It was forty years ago, but I can still remember that inner-hollow-weariness I felt when I arrived at the place I call, “Soul-Empty.”
That was the day I decided–I was going to end my life.
I was physically, emotionally, and spiritually exhausted.
I saw nothing but an endless wilderness of pain-filled days ahead of me.
I could not see myself going on.
I wanted my pain to end.
I managed to drag myself to work, but as I did, it with this one thought paramount in my heart,
“I am DONE–I am not going to live like this anymore.”
In his book (by the same name,) Michael Card makes this statement.
The LORD, The God of The Hebrews, sent me to say, “Let My people go that they may worship Me in the wilderness.” [Exodus 7: 16] It is one of those tiny phrases most of us unfortunately read right over. But, as is so often the case in Scripture, it is the small detail that unlocks the immense truth of what the passage is saying… The goal of deliverance is always worship.
True worship begins in the wilderness. Praise is almost always the answer to a plea that arises in the desert.
Have you come to THAT place?
By “place” I mean, “Does your soul look and feel like a barren wilderness where everything has died–even your hope?”
Card explains–we all must ask–and answer for ourselves the paramount wilderness question, “What is God worth?”
“In the wilderness the children of Israel discovered that above all others, He (God) was worthy. He was the Father they wanted. He was the Provider they needed. He was the Mighty One without whose protection they would have disappeared in the desert sands as had so many other lost people before them. As they discovered His worth in the stresses and strains that only the wilderness provides, The Father hoped His chosen children would have ascribed to Him worth-ship.
The wilderness is still the place of worship. But for you and me it is not a matter of dunes and dry ground; in fact, it may be deceptively green. Our hunger and thirst are more spiritual realities than physical ones. The desolation we often experience involves our yearning for a more palpable feeling of the Presence of God. We need spiritual bread every bit as much as they needed the manna in the wilderness. Our deep need for living water is just as intense as any thirst their parched throats ever knew.”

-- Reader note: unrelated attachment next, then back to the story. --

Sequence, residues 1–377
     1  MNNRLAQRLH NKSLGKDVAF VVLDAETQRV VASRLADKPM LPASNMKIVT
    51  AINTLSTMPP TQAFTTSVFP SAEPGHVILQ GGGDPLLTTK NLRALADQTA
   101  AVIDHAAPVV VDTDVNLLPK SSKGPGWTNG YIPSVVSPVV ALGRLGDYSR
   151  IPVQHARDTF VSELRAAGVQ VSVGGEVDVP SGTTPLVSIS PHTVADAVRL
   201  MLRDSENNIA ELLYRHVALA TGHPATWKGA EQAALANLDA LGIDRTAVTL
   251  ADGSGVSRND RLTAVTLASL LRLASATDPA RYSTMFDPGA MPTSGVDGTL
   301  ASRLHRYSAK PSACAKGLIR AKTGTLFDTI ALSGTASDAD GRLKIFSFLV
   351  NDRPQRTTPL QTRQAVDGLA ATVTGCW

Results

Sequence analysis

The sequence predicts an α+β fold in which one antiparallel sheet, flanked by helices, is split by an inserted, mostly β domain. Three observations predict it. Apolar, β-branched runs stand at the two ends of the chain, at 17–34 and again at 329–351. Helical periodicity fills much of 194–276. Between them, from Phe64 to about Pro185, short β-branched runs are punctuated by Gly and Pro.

Have you arrived at: soul empty?
If your answer is, “Yes.”
Then, I believe you have come to the threshold of one of the greatest breakthroughs of your life.
If, your answer is yes, then you have arrived at the place where your spiritual eyes (and your heart) can be opened.
I recall coming to that place.
I knew, I had tried everything I could think of to fix my own brokenness.
And, I had failed miserably. Because, nothing I had tried had worked, and my pain seemed to grow with every new sunrise I faced!
A bottom line called: The Tearful Trail
I’m telling you, “Suicide is NOT the only choice!”
But… I completely understand if you feel like it is.
As I’ve said before, “I’ve been there.”
Yet, even in your wilderness, I know, there is another choice; a Sonrise with HOPE!
In, A Sacred Sorrow, Michael Card implores,
“The bottom Line: We are all born into a world we were not really made to inhabit. We were created for God, made to flourish in the comfort of the Presence of our Father within the warm context of His undeniable hesed*. Now, in this fallen world, we are cut off from them both. Only the loving sovereignty of all-wise God could redeem such a hopeless situation. His solution? To use suffering to save us. To redeem our own suffering and most significantly to redeem all mankind, through His own suffering on the cross to pay the price for our sin. In order to turn around and move once more in the direction of God, we must find this path He has carved out. We must call out to Him in the language He has provided. We must regain the tearful trail. We must relearn lament.”
The world-changing power of: LAMENT
Because I believe you have an unfulfilled destiny and sovereign purpose?
I hope you’ll come with me, as we take a look in the following weeks at four men from the Bible: Job, David, Jeremiah, and even Jesus.
Let’s explore Michael Card’s “paradigms of lament” as we look at their lives and their stories.
Card makes it very clear,
“This is not a book about some new way to get what we want from God. Rather, it is a biblical exploration of the spiritual lives of four broken men who gave up all they ever wanted to discover what it was that God wanted most to give.”
HOPE is not lost. It’s here for the asking. He stands at the door of your heart knocking…
Only you, can let Him in.